Cricket is a bat-and-ball game played between two opposing teams of eleven players each on a cricket field, at the centre of the field sits a 20-metre rectangular strip with a target at each end called the wicket (a set of three wooden stumps upon which two bails sit).
The first ever international cricket game was staged in Lagos while the nation was yet under colonial rule by the British on the 25th of May 1904, with the Nigerian team playing as representatives of Lagos Colony against the Gold Coast Colony (now Ghana).
Rather than grow to become a huge part of the nation’s everyday activity like football, cricket has been relegated to the background alongside other sports we only often see played in the academic scenes.
A History Lesson
Cricket was introduced to Nigeria by the British in the 19th century, after which the first ever international cricket game was played in Lagos; Lagos Colony Vs Gold Coast Colony, with Gold Coast winning the game by 22 runs.
Soon after, the game becomes an annual event featuring multi-racial participants in its maiden years. In its fourth year, the game recorded a full-on European-Only participation, and in the following year Africa started hers.
Following Nigeria’s independence in 1960, you would think cricket would go with the British, but Nigerians had already found a love for the game, hence matches were staged against other African countries like Sierra Leone and The Gambia from 1964.
Until 1970, cricket was Nigeria’s major sport, but soon after football began finding its way into the hearts of the nation’s elites and with that came a decline in cricket; both in organization and interest in the game.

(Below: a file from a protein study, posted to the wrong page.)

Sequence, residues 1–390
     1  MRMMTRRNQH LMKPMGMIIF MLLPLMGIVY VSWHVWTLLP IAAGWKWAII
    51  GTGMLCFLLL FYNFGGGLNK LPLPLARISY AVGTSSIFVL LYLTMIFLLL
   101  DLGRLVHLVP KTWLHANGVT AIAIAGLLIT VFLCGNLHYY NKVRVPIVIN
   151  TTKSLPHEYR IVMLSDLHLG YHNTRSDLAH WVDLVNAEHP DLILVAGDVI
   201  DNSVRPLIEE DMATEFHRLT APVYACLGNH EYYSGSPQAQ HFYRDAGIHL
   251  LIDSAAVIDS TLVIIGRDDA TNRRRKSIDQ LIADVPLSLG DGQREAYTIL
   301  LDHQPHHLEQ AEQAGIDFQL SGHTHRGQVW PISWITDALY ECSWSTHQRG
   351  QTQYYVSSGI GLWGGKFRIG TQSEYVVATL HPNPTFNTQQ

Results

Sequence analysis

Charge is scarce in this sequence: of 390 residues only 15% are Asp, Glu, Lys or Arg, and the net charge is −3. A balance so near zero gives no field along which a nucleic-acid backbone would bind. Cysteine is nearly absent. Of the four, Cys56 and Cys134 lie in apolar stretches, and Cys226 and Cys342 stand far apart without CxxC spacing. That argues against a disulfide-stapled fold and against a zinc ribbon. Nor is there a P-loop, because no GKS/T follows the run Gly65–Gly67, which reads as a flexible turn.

Still, Nigeria was considered a nation given to the game of cricket – taking most positions in the West African cricket team that took part in the ICC Trophy Tournaments in 1982 and 1997.
Even after the West African Cricket Conference ceased to exist in 2002, Nigeria became an ICC associate member in the same year and featured in the 2002 Africa Cup in Zambia- finishing fourth in the group after a win against Malawi.
Two years later, the Nigerian team finished 5th in the Africa Cricket Association Championships with a single win in the tournament against last placed Tanzania, thus failing to qualify for the 2005 ICC Trophy.
- 1975: Not eligible – Not an ICC member
- 1979 to 2003: See West African cricket team
- 2007: Did not qualify
- 1979 to 2001: See West Africa cricket team
- 2005: Did not qualify
ICC World Cricket League global
- 2009: 3rd place (Division Seven)
- 2011: 2nd place (Division Seven)
- 2011: 5th place (Division Six)
- 2013: 1st place (Division Seven)
- 2013: 2nd place (Division Six)
- 2014: 4th place (Division Five)
ICC World Cricket League Africa Region
- 2006: 5th place (Division Two)
- 2011: 1st place (Division Two)(T20)
Over the years, time has proven beyond doubt that there’s nothing which brings Nigerians closer together than sports. For a country with a vast number of ethnic groups and religions, sports is the only ground that brings a sense of oneness to the hearts of Nigerians.
Shouldn’t this be a call to grow our sports, hone talented athletes and allow them flourish?